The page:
Fulton County v. Bartenfeld

Annotate this Case

257 Ga. 766 (1988)

363 S.E.2d 555

FULTON COUNTY et al. v. BARTENFELD.

45146.

Supreme Court of Georgia.

Decided January 21, 1988.

Thomas, Kennedy, Sampson, Edwards & Slayton, Tony L. Axam, for appellants.

Mark A. Johnson, amicus curiae.

*772 Dick Wilson, Jr., for appellee.

Kathryn M. Zickert, amicus curiae.

MARSHALL, Chief Justice.

The appellee, Bartenfeld, filed the instant petition for writ of mandamus, seeking to compel the appellants (who are the Fulton County Board of Commissioners, the chairman of the board, and the individual board members) to approve the issuance to the appellee of a special-use permit under Art. XIX, Sec. I, Par. 30a of the Fulton County Zoning Resolution, authorizing the appellee's construction and operation of a solid-fill landfill on 5 acres of a 114.99-acre tract in north Fulton County.

The tract itself is adjacent to Old Chadwick Road on the tract's southern boundary, and to the Cherokee County boundary line on its northern boundary. The proposed landfill is to be used for the disposal of non-putrescible (or nonorganic) waste, and other materials not subject to easy or rapid decomposition. As found by the trial court, the character of the subject tract and surrounding property is currently rural-residential, in the apparent early stages of transition to residential-suburban.

The Fulton County Department of Planning and Economic Development (referred to hereinafter as the planning commission) concluded that a temporary, solid-fill landfill would constitute a suitable use for this property, provided that adverse impacts on surrounding property are mitigated by various conditions imposed upon the appellee, including the prerequisites that the appellee improve Chadwick Road to industrial specifications so as to accommodate heavier vehicles using the road and that the hours of operation of the landfill be limited. In regard to the temporary nature of the permit authorizing the operation of the landfill, the planning commission noted that the landfill would have a "somewhat limited life" before becoming incompatible with surrounding property. Other conditions, which are required by subparagraphs (1) through (7) of Par. 30a in regard to the operation of solid-fill landfills, were consequently imposed here and will be discussed, infra.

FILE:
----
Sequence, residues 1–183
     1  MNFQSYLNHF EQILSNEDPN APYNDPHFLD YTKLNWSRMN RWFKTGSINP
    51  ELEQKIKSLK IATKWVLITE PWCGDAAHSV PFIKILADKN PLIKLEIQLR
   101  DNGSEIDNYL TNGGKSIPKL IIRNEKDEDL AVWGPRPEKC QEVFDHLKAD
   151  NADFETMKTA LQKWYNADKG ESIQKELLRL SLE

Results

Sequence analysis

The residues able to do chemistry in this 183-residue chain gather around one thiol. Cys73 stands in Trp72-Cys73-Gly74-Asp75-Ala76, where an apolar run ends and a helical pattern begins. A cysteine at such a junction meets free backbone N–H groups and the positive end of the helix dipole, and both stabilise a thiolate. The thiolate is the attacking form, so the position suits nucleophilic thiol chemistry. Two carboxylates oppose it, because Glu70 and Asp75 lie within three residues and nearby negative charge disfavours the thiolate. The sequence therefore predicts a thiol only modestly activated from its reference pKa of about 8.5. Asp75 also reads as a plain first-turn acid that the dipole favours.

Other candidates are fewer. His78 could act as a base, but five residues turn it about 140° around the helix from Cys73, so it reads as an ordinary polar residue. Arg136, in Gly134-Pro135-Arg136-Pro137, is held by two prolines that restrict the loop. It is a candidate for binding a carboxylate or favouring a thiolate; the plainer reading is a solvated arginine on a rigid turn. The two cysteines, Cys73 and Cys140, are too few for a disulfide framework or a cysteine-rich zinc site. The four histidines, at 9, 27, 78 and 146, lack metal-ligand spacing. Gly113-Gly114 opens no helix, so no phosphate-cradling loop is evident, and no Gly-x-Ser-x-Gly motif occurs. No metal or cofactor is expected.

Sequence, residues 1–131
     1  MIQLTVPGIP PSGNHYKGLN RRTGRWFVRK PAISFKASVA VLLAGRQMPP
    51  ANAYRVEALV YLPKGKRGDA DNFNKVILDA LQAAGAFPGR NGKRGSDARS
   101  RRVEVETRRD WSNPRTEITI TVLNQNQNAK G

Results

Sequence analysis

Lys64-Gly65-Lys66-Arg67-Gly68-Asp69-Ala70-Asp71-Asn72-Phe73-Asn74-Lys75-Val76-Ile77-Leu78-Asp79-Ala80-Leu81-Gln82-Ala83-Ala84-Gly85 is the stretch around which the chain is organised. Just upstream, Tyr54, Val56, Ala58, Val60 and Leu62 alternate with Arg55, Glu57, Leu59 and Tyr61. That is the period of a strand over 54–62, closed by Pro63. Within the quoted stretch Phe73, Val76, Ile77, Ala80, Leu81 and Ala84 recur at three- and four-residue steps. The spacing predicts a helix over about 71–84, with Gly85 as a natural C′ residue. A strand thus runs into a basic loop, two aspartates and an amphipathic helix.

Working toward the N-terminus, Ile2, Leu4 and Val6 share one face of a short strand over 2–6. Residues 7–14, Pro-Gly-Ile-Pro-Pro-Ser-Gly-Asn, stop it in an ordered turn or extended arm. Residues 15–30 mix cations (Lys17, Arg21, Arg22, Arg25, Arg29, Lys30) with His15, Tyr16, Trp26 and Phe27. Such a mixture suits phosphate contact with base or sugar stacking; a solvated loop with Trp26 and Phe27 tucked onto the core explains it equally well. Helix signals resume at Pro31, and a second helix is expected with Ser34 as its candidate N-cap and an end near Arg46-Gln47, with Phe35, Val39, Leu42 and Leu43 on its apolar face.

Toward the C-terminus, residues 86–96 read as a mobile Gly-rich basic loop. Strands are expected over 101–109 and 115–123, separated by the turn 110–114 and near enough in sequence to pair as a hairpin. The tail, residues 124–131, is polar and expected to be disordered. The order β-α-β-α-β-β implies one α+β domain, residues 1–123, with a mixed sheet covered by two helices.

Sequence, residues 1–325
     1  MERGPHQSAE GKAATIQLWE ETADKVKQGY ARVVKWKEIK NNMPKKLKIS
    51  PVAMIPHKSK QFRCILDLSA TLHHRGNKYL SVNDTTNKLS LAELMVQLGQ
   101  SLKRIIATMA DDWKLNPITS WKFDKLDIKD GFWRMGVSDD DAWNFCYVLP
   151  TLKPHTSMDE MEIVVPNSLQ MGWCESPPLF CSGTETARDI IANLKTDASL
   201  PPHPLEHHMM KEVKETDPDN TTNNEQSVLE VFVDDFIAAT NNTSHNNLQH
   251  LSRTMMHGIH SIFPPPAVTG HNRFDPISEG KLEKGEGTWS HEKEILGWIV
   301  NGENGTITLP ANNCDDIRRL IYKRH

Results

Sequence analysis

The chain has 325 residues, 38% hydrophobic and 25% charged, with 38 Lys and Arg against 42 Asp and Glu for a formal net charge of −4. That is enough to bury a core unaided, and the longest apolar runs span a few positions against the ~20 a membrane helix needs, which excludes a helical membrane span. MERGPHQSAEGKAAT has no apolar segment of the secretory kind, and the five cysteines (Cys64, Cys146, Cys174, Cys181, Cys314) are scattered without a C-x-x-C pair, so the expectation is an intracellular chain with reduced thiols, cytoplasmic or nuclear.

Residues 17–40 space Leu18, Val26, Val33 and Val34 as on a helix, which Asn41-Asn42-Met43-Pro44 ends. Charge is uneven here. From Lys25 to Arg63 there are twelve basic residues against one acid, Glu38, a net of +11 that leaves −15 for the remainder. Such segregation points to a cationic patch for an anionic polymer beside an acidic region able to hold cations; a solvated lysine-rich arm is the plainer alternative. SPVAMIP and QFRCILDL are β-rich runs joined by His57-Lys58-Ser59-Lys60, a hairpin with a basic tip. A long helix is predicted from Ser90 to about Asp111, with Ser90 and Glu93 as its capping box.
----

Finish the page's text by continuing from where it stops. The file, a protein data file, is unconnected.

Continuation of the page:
Disapproving the recommendation of the planning commission that the permit application be granted, the board of commissioners decided by a 6-to-1 vote to reject the appellee's application for the permit.

At the hearing before the county commission, only three parties *767 spoke in opposition to the application. Two of these parties were individual property owners; the third was a property developer who alleged in his testimony that he represented approximately 400 homeowners in the area. However, this testimony was unsupported by documentary evidence such as signed petitions. In any event, the thrust of these parties' complaints was their generalized fear that landfills invariably lower values of nearby property and create traffic problems.

At the county commission meeting, the chairman of the board of commissioners expressed his opinion that, in that the planning commission recommended that the permit application be approved, the county commission did not "really have a very strong position legally" to deny the application, and the appellee was "in a fairly good position to challenge" the commission's denial of the application in court. The chairman also expressed his views concerning the "potential for litigation" of this matter "whatever the outcome" of the county commission's decision, as well as his personal dislike of landfills and his personal belief that "there really is no appropriate acceptable location for a landfill." The chairman further alluded to an issue's having been raised "about the notice and the fact that there were not citizens here to express their opposition. . . ." See Division 5, infra. As previously stated, the board proceeded to deny the application by a vote of 6-to-1.